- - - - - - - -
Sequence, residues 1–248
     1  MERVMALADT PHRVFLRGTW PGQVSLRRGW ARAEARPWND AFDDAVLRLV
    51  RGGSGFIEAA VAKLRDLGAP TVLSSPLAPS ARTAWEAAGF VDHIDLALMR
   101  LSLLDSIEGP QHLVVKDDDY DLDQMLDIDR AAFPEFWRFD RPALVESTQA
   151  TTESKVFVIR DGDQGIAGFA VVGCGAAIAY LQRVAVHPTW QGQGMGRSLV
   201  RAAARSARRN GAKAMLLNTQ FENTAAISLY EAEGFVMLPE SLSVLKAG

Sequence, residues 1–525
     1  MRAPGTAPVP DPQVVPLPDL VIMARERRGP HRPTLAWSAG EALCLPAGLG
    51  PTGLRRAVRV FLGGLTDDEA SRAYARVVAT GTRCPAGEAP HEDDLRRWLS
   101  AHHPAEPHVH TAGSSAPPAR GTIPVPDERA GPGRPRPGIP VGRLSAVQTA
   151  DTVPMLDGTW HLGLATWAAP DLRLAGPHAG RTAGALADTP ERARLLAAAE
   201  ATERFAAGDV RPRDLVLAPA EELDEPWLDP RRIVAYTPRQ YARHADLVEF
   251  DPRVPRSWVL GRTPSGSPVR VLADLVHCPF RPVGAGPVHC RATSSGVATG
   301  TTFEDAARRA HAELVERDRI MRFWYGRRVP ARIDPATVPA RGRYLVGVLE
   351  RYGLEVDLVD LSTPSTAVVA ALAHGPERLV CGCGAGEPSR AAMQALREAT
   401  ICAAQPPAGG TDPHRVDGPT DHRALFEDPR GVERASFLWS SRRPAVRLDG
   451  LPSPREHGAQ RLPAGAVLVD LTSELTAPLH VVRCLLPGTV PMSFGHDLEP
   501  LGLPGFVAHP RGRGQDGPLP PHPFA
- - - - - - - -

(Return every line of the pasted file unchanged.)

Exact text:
Sequence, residues 1–248
     1  MERVMALADT PHRVFLRGTW PGQVSLRRGW ARAEARPWND AFDDAVLRLV
    51  RGGSGFIEAA VAKLRDLGAP TVLSSPLAPS ARTAWEAAGF VDHIDLALMR
   101  LSLLDSIEGP QHLVVKDDDY DLDQMLDIDR AAFPEFWRFD RPALVESTQA
   151  TTESKVFVIR DGDQGIAGFA VVGCGAAIAY LQRVAVHPTW QGQGMGRSLV
   201  RAAARSARRN GAKAMLLNTQ FENTAAISLY EAEGFVMLPE SLSVLKAG

Sequence, residues 1–525
     1  MRAPGTAPVP DPQVVPLPDL VIMARERRGP HRPTLAWSAG EALCLPAGLG
    51  PTGLRRAVRV FLGGLTDDEA SRAYARVVAT GTRCPAGEAP HEDDLRRWLS
   101  AHHPAEPHVH TAGSSAPPAR GTIPVPDERA GPGRPRPGIP VGRLSAVQTA
   151  DTVPMLDGTW HLGLATWAAP DLRLAGPHAG RTAGALADTP ERARLLAAAE
   201  ATERFAAGDV RPRDLVLAPA EELDEPWLDP RRIVAYTPRQ YARHADLVEF
   251  DPRVPRSWVL GRTPSGSPVR VLADLVHCPF RPVGAGPVHC RATSSGVATG
   301  TTFEDAARRA HAELVERDRI MRFWYGRRVP ARIDPATVPA RGRYLVGVLE
   351  RYGLEVDLVD LSTPSTAVVA ALAHGPERLV CGCGAGEPSR AAMQALREAT
   401  ICAAQPPAGG TDPHRVDGPT DHRALFEDPR GVERASFLWS SRRPAVRLDG
   451  LPSPREHGAQ RLPAGAVLVD LTSELTAPLH VVRCLLPGTV PMSFGHDLEP
   501  LGLPGFVAHP RGRGQDGPLP PHPFA